Thursday, April 24, 2014

Play is important in the development and training of pets, and finding what is a motivator is the key to using it optimally

Play is something that we often forget about participating in as we age. We usually are reminded of how good it feels to partake in it when we have children, or for a lot of us, when we have pets.

With that in mind, it's helpful to turn the tables and be mindful of how beneficial it is for our pets.

As ethologists have learned from discoveries in their research, play isn't just a fun thing to do — it's vital.

You see, as humans, during the process of play we learn, grow, think, reason, step outside of our comfort zone and acquire new skills in the process. We know from research that's been done that this is the case with animals, too.

Learn more about how play is integral in brain development and enhancement by clicking here.

And, as Jaak Panksepp, Ph.D. — an author and researcher — indicates, depriving young animals of play puts them at a disadvantage: it affects the maturation of the brain. His research showed evidence that the simple act of play increased brain-derived neurotrophic factor, or BDNF, a protein linked to brain maturation.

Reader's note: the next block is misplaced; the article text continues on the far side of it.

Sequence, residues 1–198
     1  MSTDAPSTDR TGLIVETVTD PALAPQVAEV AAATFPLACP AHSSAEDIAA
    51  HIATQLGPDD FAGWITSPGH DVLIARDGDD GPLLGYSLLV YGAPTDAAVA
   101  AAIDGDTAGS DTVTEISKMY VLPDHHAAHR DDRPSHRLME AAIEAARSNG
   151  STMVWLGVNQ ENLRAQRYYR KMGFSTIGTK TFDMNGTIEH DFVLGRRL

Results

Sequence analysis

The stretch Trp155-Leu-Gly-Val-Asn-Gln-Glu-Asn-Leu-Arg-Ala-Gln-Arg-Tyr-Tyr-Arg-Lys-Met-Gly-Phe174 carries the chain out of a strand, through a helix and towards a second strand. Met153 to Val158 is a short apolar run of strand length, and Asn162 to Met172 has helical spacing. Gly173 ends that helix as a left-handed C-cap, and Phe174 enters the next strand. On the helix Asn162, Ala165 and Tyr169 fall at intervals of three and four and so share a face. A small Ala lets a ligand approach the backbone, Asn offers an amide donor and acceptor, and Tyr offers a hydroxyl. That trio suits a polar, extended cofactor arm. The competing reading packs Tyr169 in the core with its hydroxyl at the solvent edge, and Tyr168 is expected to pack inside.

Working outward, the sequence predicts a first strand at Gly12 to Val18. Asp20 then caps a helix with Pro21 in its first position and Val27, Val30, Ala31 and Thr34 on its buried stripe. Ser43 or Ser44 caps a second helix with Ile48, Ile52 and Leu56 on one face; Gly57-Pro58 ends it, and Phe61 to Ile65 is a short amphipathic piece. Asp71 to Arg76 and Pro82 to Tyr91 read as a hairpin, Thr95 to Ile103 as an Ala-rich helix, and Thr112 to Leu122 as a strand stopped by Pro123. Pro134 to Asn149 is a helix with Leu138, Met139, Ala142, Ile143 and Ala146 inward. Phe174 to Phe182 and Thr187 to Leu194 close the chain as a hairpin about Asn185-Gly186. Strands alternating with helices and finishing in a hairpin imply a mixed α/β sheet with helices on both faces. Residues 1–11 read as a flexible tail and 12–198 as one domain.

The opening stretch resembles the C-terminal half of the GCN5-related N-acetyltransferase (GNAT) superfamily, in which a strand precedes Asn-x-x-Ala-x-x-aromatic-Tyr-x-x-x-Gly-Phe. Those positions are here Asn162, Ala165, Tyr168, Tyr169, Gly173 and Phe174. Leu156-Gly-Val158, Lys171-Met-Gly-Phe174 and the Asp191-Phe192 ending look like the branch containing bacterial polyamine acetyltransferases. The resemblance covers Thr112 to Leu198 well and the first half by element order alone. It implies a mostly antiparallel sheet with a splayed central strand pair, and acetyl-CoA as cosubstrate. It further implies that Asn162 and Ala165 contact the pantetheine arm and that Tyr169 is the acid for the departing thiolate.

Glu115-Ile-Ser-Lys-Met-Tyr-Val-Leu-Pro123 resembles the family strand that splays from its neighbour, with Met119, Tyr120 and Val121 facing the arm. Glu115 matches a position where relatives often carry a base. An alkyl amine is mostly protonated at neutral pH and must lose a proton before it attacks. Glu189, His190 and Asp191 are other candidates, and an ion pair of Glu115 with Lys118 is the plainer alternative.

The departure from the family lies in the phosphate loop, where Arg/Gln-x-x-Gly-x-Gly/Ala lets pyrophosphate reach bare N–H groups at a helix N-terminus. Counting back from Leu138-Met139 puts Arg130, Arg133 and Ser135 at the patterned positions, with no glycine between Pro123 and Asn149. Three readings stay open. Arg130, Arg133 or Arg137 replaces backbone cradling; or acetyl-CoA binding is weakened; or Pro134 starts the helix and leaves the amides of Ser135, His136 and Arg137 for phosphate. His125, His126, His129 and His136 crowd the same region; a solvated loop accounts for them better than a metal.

It's easy to engage in play with puppies and kittens because they so willingly initiate it. But it's equally important to keep the ball rolling as a pet ages.

There are all sorts of games for dogs that are easy, inexpensive, fun and beneficial to play, and options are limitless, just as they are when thinking of the needs of cats.

Identifying your pet's play preferences can be helpful, as they can vary from not only species, but from pet to pet. Breed, age and physical capability can also influence the way a pet plays.

Some dogs are chewers, others love to hunt for things and still some others love to problem solve or even play with puzzle toys. You might even consider activities like nose work or agility for your pooch to give them a healthy outlet.

Cats have play preferences like birding, stalking or hide-and-seek.

Even birds like to — need to — play.

Human-pet play is an invaluable source of enrichment for a pet, and as I always remind when thinking about enrichment for your pet, "Spend half as much money, and twice as much time."

This type of play is different than self-directed play or interaction between other animals. One difference is that we use language to communicate during a fun activity, using repetitive phrases and gestures. Think about how this correlates with training.

Play has been an integral part of unfolding my now 14 year-old dog, Gretchen, and is one of the most important forms of interaction between myself and the animals in my care. By paying attention to and honoring how they play and engaging in a fun activity with them, I can quickly ascertain what motivates them, what they find off-putting and developing a bond with them.

What are your pets favorite games?

Lorrie Shaw is a freelance writer and owner of Professional Pet Sitting. Shoot her an email, contact her at 734-904-7279 or follow her adventures on Twitter.

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